The opinion of the court was delivered by: Harold A. Baker United States District Judge
MEMORANDUM OPINION AND ORDER
Before the court are the defendants, Roger Walker Jr, Melody Ford, Jackie Miller and Mary Miller's motion for summary judgment  and the plaintiff's response  respectively. The plaintiff Dominick Giampaolo, pro se, has submitted a complaint under 42 U.S.C. § 1983 against defendants Joseph Loftus, et al. Plaintiff alleges 1) defendants' deliberate indifference to plaintiff's serious medical needs; 2) an unconstitutional 21/2 cell time policy, 3) a lack of cleaning supplies; and 4) inadequate clothing. Plaintiff alleges defendants violated his rights under the Eighth and the Fourteenth Amendments to the United States Constitution.
The defendants, Roger Walker Jr, Melody Ford, Jackie Miller and Mary Miller's , by their attorney Ryan Nelson, have moved the court for an order granting summary judgment in favor of the defendant. The defendants argue that the plaintiff has failed to exhaust the administrative remedies available to him before filing this lawsuit.
SUMMARY JUDGMENT STANDARD
Summary judgment is proper if the pleadings, answers to interrogatories, depositions, and admissions, along with affidavits, show that there is no genuine issue of material fact and that the moving party is entitled to judgment as a matter of law. Fed. R. Civ.P. 56(c). An issue of material fact exists only if "the evidence is such that a reasonable jury could return a verdict for the nonmoving party." Anderson v. Liberty Lobby, Inc., 477 U.S. 242, 248 (1986). In determining whether there are any genuine issues of material fact, the court must draw all inferences in the light most favorable to the non-movant. Bartman v. Allis-Chalmers Corp., 799 F.2d 311, 312 (7th Cir.1986). Yet not every conceivable inference must be drawn, only reasonable inferences. Id. at 312-13 (7th Cir.1986).
The party moving for summary judgment carries the initial burden of production to identify "those portions of the pleadings, depositions, answers to interrogatories, and admissions on file, together with the affidavits, if any, which it believes demonstrate the absence of a genuine issue of material fact." Celotex Corp. v. Catrett, 477 U.S. 317, 323 (1986). The moving party may discharge this burden by "showing . . . an absence of evidence to support the nonmoving party's case." Id., 477 U.S. at 325. When the moving party has met the burden, the nonmoving party "must set forth specific facts showing that there is a genuine issue for trial." Fed. R. Civ. P. 56; Anderson v. Liberty Lobby, Inc., 477 U.S. 242, 250. In determining whether the non-movant has identified a "material" issue of fact for trial, "[o]nly dispute[s] that could affect the outcome of the suit under governing law will properly preclude the entry of summary judgment." McGinn v. Burlington Northern R.R. Co., 102 F.3d 295, 298 (7th Cir. 1996). A court must enter summary judgment against the plaintiff when the plaintiff fails to come forward with evidence that would reasonably permit a finder of fact to find in plaintiff's favor on a material question. Waldridge v. Am. Hoechst Corp., 24 F.3d 918, 920 (7th Cir. 1994).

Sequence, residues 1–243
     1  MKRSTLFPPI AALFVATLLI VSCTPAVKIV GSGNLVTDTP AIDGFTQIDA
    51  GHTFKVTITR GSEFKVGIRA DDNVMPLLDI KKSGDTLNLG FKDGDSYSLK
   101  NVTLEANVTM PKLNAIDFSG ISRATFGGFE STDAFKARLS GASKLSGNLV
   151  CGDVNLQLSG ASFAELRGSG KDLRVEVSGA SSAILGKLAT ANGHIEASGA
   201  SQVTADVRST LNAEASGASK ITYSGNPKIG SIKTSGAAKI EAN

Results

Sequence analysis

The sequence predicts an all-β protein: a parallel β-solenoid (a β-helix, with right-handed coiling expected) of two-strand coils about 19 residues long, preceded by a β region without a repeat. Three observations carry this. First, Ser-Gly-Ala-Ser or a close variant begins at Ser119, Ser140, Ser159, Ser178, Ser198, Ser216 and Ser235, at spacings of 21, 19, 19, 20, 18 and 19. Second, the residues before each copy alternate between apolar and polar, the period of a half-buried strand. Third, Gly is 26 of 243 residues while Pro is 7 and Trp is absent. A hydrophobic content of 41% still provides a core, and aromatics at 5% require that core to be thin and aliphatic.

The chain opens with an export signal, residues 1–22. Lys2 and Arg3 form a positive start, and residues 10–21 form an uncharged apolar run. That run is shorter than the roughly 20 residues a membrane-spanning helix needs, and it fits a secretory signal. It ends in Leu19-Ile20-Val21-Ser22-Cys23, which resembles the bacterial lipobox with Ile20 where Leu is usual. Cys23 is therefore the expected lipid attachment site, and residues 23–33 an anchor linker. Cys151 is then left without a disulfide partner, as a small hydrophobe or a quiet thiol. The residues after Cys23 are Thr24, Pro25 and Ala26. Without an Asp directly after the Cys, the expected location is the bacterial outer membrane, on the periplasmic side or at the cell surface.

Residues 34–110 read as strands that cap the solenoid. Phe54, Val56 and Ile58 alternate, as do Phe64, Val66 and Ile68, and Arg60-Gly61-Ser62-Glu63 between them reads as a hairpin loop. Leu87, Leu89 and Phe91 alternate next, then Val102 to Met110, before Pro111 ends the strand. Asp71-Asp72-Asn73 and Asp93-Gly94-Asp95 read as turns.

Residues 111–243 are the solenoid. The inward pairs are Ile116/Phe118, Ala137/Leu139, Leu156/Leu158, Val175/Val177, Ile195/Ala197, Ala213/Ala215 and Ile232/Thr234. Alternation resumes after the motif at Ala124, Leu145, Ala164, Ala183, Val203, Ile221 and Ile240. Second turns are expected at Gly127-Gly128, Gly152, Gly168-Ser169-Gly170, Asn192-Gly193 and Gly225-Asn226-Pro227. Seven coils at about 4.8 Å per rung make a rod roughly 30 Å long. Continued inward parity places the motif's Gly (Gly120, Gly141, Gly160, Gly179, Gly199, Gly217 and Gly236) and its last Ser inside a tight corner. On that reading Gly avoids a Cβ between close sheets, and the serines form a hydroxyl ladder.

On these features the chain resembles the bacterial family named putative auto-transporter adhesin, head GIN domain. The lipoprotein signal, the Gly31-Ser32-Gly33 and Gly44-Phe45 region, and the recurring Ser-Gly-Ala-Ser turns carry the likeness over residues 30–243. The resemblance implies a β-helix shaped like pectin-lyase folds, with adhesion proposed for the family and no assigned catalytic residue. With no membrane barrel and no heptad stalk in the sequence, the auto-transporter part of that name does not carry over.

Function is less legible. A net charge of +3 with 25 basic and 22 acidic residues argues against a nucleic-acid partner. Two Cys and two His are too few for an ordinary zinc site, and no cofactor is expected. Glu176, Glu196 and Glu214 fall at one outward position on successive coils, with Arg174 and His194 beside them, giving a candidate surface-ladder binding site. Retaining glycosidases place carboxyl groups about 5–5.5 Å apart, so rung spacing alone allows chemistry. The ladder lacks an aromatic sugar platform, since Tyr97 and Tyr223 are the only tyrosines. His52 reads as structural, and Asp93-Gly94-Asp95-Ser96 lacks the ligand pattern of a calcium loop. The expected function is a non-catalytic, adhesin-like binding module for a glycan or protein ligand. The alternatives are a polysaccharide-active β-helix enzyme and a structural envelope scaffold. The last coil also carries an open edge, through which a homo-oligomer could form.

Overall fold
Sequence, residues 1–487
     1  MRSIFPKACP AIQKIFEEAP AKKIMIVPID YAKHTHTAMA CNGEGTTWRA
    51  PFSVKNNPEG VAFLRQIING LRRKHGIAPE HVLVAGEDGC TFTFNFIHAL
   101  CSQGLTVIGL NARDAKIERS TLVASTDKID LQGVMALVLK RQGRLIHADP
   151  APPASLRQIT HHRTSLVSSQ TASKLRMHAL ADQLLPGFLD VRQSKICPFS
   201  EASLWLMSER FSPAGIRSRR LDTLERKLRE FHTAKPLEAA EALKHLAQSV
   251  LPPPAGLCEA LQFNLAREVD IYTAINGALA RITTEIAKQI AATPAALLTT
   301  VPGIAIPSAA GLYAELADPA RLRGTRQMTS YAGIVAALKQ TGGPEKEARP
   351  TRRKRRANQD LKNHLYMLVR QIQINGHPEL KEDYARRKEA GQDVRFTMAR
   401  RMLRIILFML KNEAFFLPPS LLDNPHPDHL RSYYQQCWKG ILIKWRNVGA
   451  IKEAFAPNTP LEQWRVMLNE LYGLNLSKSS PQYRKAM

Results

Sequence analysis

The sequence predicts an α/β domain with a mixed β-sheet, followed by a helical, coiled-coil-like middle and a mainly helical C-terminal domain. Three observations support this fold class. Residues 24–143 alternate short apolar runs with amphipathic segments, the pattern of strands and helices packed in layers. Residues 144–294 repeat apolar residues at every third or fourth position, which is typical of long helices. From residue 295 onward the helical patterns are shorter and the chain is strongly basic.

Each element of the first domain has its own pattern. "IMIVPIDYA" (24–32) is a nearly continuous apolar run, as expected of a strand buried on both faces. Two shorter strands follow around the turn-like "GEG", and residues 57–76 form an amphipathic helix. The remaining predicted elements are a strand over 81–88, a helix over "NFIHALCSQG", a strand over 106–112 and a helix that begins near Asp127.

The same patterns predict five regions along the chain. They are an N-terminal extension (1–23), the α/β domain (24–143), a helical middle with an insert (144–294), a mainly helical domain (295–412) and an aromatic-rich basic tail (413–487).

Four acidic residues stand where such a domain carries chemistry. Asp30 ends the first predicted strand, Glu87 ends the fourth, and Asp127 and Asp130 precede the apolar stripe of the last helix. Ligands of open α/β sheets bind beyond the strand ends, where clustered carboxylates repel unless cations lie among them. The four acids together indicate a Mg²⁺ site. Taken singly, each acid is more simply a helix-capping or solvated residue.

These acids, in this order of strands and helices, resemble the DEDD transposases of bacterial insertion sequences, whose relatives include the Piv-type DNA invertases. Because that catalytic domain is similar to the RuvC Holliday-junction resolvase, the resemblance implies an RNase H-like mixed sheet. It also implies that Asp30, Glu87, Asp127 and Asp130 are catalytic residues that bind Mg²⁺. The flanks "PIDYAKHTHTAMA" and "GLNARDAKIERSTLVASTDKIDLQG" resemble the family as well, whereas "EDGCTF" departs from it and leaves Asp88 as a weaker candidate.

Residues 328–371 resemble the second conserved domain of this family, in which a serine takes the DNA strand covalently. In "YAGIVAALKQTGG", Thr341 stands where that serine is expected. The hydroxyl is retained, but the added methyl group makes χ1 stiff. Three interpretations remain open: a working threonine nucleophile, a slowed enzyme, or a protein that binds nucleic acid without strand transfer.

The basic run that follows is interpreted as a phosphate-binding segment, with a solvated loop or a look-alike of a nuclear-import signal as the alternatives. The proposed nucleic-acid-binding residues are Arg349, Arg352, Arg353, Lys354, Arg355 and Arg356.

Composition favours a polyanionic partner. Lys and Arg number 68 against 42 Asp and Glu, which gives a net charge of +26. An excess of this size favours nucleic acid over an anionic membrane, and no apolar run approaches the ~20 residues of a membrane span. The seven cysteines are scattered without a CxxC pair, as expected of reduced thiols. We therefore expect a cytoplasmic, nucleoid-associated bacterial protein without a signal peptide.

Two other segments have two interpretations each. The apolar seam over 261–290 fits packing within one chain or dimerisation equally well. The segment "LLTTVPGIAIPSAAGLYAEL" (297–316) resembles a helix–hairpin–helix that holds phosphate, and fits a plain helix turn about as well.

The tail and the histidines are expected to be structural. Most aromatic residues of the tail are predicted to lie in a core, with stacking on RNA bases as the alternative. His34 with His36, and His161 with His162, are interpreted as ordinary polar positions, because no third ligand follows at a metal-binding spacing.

The complaint brought before the court is in regards to the Defendants' alleged deliberate indifference to Plaintiff's medical needs and inhumane conditions of confinement in violations of Plaintiff's Eighth Amendment rights, that were complained about in the grievances but not corrected. Plaintiff Dominick Giampaolo, an inmate at Danville Correctional Center alleges that he has several missing dental fillings, chronic arthritic pain in his left knee, varicose veins, and back pain. He further alleges that he was denied a lower bunk permit, knee brace and support hose. The plaintiff claims that Roger Walker, Melody Ford, Wexford Health Services, Inc., Dr. Ameji, Dr. LNU (John Doe) and Mary Miller were deliberately indifferent to his serious medical needs. Plaintiff further alleges that Roger Walker, Melody Ford and John Does 1-3 subjected him to inhuman conditions of confinement. Specifically he alleges an unconstitutional 21/3 cell time policy, 2) a lack of cleaning supplies; and 3) inadequate clothing.
1. On September 22, 2008, Plaintiff filed his complaint. 
2. The court conducted a merit review of Plaintiff's complaint on October 20, 2008, and held that the Plaintiff could proceed on his claims of deliberate indifference to his serious medical needs. 
3. The soy related portion of Plaintiff's indifference claim was later consolidated with case number 07-3225. See text ...